View of the Colosseum in Rome
  • Jean-Baptiste Lallemand
  • Dijon 1710 - 1803 Paris
  • View of the Colosseum in Rome
  • Gouache on paper,
    framing lines with brush and black ink
  • 268 × 378 mm
Private collection, Rome

The artist’s point of view for this vista of Roman landmarks lay in what is now the Via di San Gregorio. The viewer’s glance sweeps from the Palatine Hill with its imperial palace ruins on the left to the remnants of the former aqueduct of Claudius, which once supplied the Palatine with water.

Somewhat hidden behind the aqueduct is the triumphal arch of Emperor Constantine, which marked the beginning of the ancient Via Triumphalis. The senate erected the arch from 312 to 315 in honour of the victorious commander after the Battle of the Milvian Bridge. The triple arch was the first classical building restored by Pope Paul III for the entrance of Emperor Charles V into Rome in 1536.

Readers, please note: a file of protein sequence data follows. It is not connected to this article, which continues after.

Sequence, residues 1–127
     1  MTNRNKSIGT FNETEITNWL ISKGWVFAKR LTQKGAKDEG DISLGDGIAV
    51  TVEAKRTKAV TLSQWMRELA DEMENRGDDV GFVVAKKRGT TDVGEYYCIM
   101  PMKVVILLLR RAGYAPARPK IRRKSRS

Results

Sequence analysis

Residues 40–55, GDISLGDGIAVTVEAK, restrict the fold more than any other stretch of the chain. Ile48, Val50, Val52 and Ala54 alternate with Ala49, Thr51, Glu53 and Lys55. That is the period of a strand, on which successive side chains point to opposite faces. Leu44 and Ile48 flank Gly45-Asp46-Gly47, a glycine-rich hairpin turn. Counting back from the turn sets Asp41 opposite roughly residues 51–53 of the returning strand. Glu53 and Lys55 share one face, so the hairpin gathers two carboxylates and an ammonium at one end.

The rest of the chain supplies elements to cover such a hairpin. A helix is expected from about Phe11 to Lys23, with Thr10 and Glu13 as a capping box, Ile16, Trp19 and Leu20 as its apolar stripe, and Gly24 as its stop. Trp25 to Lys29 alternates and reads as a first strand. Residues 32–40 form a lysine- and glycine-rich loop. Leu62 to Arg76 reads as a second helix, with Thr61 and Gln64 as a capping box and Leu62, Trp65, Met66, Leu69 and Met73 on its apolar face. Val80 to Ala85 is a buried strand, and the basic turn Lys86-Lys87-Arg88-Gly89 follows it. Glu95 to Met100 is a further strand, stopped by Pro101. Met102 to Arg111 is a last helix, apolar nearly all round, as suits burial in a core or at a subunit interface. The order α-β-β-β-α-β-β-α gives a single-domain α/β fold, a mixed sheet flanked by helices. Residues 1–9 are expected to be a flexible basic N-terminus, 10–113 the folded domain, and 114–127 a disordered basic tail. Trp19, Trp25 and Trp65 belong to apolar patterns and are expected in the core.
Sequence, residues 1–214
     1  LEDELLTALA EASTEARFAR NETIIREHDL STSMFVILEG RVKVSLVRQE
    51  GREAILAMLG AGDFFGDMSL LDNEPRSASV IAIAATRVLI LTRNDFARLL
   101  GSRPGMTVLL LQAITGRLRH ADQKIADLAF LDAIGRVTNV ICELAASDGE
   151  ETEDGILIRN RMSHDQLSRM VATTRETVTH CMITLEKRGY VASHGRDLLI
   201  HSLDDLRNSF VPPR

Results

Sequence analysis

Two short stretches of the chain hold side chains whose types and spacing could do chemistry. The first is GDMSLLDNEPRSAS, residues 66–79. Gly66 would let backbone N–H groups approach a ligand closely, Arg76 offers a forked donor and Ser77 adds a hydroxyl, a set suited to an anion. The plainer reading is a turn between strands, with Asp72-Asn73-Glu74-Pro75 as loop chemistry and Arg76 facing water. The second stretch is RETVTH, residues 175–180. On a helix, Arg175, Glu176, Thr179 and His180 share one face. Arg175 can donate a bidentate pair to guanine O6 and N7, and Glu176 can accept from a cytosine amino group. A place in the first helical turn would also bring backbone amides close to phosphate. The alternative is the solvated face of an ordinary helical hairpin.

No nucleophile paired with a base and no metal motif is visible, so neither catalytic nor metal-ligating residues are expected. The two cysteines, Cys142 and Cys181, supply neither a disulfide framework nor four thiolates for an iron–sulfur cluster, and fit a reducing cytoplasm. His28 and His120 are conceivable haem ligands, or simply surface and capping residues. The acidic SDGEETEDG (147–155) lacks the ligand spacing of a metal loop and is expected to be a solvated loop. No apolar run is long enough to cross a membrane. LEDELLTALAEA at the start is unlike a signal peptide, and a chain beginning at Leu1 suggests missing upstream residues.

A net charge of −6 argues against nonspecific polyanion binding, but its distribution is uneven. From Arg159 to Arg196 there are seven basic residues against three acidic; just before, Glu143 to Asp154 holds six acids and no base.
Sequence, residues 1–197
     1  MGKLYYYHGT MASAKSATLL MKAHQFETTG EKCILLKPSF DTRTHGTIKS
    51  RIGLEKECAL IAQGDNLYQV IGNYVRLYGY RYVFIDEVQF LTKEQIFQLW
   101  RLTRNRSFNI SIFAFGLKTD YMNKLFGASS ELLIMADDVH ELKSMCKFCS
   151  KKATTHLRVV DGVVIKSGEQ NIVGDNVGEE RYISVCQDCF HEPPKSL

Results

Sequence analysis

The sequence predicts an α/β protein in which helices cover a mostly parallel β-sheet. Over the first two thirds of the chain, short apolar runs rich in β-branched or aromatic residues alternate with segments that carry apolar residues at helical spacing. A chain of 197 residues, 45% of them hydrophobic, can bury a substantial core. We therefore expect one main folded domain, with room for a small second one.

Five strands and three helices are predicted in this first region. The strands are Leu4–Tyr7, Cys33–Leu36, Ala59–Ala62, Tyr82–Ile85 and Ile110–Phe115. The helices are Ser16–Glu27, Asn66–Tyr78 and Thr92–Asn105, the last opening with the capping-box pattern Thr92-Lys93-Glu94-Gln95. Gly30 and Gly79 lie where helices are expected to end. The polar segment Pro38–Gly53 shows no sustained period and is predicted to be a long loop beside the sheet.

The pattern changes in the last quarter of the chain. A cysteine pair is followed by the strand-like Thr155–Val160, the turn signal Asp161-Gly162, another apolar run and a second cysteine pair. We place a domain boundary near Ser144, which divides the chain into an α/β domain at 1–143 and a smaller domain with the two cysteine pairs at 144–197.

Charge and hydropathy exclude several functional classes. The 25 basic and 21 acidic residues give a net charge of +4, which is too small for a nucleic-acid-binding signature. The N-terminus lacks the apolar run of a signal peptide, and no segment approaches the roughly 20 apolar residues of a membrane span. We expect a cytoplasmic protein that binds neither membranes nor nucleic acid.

The powerful ruins of the Colosseum, the ancient amphitheatre of the Flavians, dominate the righthand side of the image. Emperor Vespasian began the enormous structure in 70 A.D., and it was dedicated by his son Titus a decade later. It could seat approximately 50,000 spectators and was both the largest and most advanced building of its time (see cat. no. 23).

Despite the wealth of detail in this gouache, Lallemand took certain artistic liberties in order to make an effective scene out of the individual elements, so that some proportions and classical buildings would strike today’s art historian as distorted.